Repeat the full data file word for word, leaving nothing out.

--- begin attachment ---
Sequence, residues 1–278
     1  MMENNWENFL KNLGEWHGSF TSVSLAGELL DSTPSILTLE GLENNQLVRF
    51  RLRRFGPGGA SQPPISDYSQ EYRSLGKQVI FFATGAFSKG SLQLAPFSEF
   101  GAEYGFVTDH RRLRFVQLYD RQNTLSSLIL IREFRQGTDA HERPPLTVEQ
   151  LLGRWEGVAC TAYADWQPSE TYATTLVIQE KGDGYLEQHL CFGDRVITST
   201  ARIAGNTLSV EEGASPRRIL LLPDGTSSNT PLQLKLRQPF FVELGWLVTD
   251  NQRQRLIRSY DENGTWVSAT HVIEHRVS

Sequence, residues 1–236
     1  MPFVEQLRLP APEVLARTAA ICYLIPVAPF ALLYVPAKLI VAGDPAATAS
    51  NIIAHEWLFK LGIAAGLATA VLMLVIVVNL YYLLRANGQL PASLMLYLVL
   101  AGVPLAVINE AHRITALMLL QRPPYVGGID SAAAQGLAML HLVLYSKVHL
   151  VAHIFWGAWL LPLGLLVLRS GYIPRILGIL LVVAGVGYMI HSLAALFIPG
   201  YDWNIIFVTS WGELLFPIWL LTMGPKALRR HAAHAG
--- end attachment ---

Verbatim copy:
Sequence, residues 1–278
     1  MMENNWENFL KNLGEWHGSF TSVSLAGELL DSTPSILTLE GLENNQLVRF
    51  RLRRFGPGGA SQPPISDYSQ EYRSLGKQVI FFATGAFSKG SLQLAPFSEF
   101  GAEYGFVTDH RRLRFVQLYD RQNTLSSLIL IREFRQGTDA HERPPLTVEQ
   151  LLGRWEGVAC TAYADWQPSE TYATTLVIQE KGDGYLEQHL CFGDRVITST
   201  ARIAGNTLSV EEGASPRRIL LLPDGTSSNT PLQLKLRQPF FVELGWLVTD
   251  NQRQRLIRSY DENGTWVSAT HVIEHRVS

Sequence, residues 1–236
     1  MPFVEQLRLP APEVLARTAA ICYLIPVAPF ALLYVPAKLI VAGDPAATAS
    51  NIIAHEWLFK LGIAAGLATA VLMLVIVVNL YYLLRANGQL PASLMLYLVL
   101  AGVPLAVINE AHRITALMLL QRPPYVGGID SAAAQGLAML HLVLYSKVHL
   151  VAHIFWGAWL LPLGLLVLRS GYIPRILGIL LVVAGVGYMI HSLAALFIPG
   201  YDWNIIFVTS WGELLFPIWL LTMGPKALRR HAAHAG